ON A RECENT SUMMER morning, the eruv was bustling with the feeling of progress. A contractor at one big new house was putting in special stainless-steel-lined dishwashers, two of them, for two kitchens, so he could sell to the Orthodox, who have strict rules about separating plates for dairy and plates for flesh. A chandelier-cleaning service was passing through one of the narrow back lanes, near signs saying "The Barnes Belongs in Merion." Rabbi Shraga Sherman rushed around the General Wayne Inn talking into his Treo, then pulled a contractor aside to discuss the finishing details of the front room. A man inside Rosenberg’s Judaica leafed through a book called How to Prevent an Intermarriage.
And on Bala Avenue, Moshe Trager was talking on his cell phone, trying to get his kosher cheese order in for the weekend.
"Hey Mohammed, I need 20 pounds of parmesan, make sure it’s the Chalav Yisrael," he says — the highest level of kosher supervision for dairy products.
Trager sits down to lunch with me in his sun-filled Cafe Shira, just down from the Bala Theatre, and tells me how he got to this spot in life. It all began at the beach in Greece, in 1989.
Then 24, Trager was an unaffiliated Jew enjoying all the pleasures of modern American life. He had long hair and had experimented with drugs; he was dating a Christian woman who was studying at the Sorbonne in Paris. But he found out he could fly from Athens to Tel Aviv for $60, so he decided to go, and an acquaintance gave him the address of a place he could stay for free in Jerusalem. It turned out to be a hotel run by a yeshiva near the Western Wall. Trager didn’t get back to the States for six months, and when the old girlfriend called, he went to meet her wearing a yarmulke with ducks on it, and apologized: "I guess I owe you an explanation. I sort of bugged out."
He had become fascinated with Judaism. When he was young, Trager says, there was never praying in his synagogue: "I’d go to synagogue and hang out with Nancy Schwartz. But we actually have a real religion. We have mysticism, and we believe in angels? I gotta know about this." His Christian friends had an easier time understanding Trager than Jews did. His parents at first thought he had joined a cult. Before long, Trager was back in Jerusalem, and going from Marc to Moshe.
"Moshe? Moshe?" one of his friends exclaimed. "What the f— happened to your name? Did it get run over by a truck?"
The themes of Trager’s story repeat for other Jews in the eruv who fell up the stairs. Israel often plays a role, with its Jewish pride and surround-sound religion. Then there’s the desire for greater meaning that boomers all over the nation are feeling.
But I was also fascinated by the restrictions that Orthodox women accept. Robin Moskow, 47 and a former Eagles cheerleader, told me that they might seem oppressed from the outside, but in fact, the female sex is exalted: "Women are considered more spiritual, more elevated." Orthodox life is centered on the home. A woman is expected to bear children because children are deemed a blessing from God, and who can decline a blessing? Orthodox understanding of Jewish law tends to rule out contraception, and a woman who seeks it for, say, her mental health is expected to discuss that decision with a rabbi. Abortion, a litmus-test issue for many secular Jews, goes against Orthodox law, though rabbis do allow it when the pregnant woman’s life is at risk. Modesty is a core principle, in behavior and dress. Orthodox women don’t wear jeans. Hiking and tennis are in, so long as a girl or woman wears a skirt and covers her head, elbows and knees. She should be, Merion writer Sara Esther Crispe told me, "attractive without attracting." That means modesty even in the way she walks. Which is not to say that Orthodox women are not empowered. Crispe, whose husband Asher is a rabbi, runs a website for Jewish women under the auspices of Chabad in Brooklyn.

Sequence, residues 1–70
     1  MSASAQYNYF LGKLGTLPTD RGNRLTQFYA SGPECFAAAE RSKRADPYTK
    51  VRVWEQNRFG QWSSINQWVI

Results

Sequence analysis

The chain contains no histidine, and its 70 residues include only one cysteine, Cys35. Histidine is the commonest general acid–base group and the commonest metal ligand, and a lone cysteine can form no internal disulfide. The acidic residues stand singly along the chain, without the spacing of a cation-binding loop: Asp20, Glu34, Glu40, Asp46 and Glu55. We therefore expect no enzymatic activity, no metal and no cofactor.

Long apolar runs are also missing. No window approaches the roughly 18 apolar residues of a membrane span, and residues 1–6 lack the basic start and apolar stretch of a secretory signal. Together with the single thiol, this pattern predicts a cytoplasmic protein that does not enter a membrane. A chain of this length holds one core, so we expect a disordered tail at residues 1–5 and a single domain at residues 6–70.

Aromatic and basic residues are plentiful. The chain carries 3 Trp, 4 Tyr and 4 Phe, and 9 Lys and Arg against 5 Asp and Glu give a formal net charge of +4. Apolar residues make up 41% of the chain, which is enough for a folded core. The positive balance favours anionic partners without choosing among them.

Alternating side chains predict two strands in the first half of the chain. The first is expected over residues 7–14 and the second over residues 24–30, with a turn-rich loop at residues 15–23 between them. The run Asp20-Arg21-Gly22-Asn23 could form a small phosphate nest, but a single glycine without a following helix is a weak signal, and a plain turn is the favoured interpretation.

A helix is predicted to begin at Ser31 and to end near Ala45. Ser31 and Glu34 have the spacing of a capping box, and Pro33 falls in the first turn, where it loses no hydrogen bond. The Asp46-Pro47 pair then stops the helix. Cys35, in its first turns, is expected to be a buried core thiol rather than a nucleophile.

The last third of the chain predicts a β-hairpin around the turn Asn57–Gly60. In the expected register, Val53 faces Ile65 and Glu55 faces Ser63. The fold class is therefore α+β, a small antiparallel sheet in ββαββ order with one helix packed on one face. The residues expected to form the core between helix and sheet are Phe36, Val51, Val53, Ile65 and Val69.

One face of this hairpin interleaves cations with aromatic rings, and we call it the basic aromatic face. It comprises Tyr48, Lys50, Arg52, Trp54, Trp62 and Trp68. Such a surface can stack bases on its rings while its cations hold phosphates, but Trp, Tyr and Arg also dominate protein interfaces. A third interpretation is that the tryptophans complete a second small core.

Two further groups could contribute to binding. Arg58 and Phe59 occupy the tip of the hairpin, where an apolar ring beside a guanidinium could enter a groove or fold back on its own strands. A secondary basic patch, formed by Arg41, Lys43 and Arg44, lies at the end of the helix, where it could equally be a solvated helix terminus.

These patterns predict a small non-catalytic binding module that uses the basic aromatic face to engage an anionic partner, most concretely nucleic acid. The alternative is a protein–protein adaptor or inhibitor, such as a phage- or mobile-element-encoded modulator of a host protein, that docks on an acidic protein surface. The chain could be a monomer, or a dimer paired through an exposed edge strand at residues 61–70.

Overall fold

Orthodox families vary on where they draw lines in the home. Avigayil Pechter threw out her television just before she had her first child two years ago, though some Orthodox homes do have TVs. Pechter’s son is started on a diet of children’s books. "Some Orthodox families won’t have books with animals that are non-kosher. You won’t find Three Little Pigs in their children’s libraries. We have it. We don’t care."
Orthodox Jews seem to accept that their religion will mean professional sacrifices. A software engineer I met at the Acme said there’s pressure in the Orthodox community to start your own business, because so many important business decisions are made in places Orthodox Jews can’t go, bars and restaurants after work. "That’s when a red light flashes on and off, saying, ‘You can’t do that; that conflicts with family life.’"
As it is among fundamentalist Christians, sexual morality is a central concern for those who regard the Torah as a divine gift to the Jews. One Friday morning I went to the kollel, across from Hymie’s, and sat with a dozen men studying that week’s Torah portion, which described the arrival of the Jews in ancient Israel. Many Jews lost their way during the years of exodus, and the rabbi who led the discussion that morning, Yechiel Biberfeld, spoke angrily of the Biblical community of Baal-peor, where seduction was the order of the day: "Baal-peor is similar to today’s world in America. You can do whatever you want with whomever you want," he said.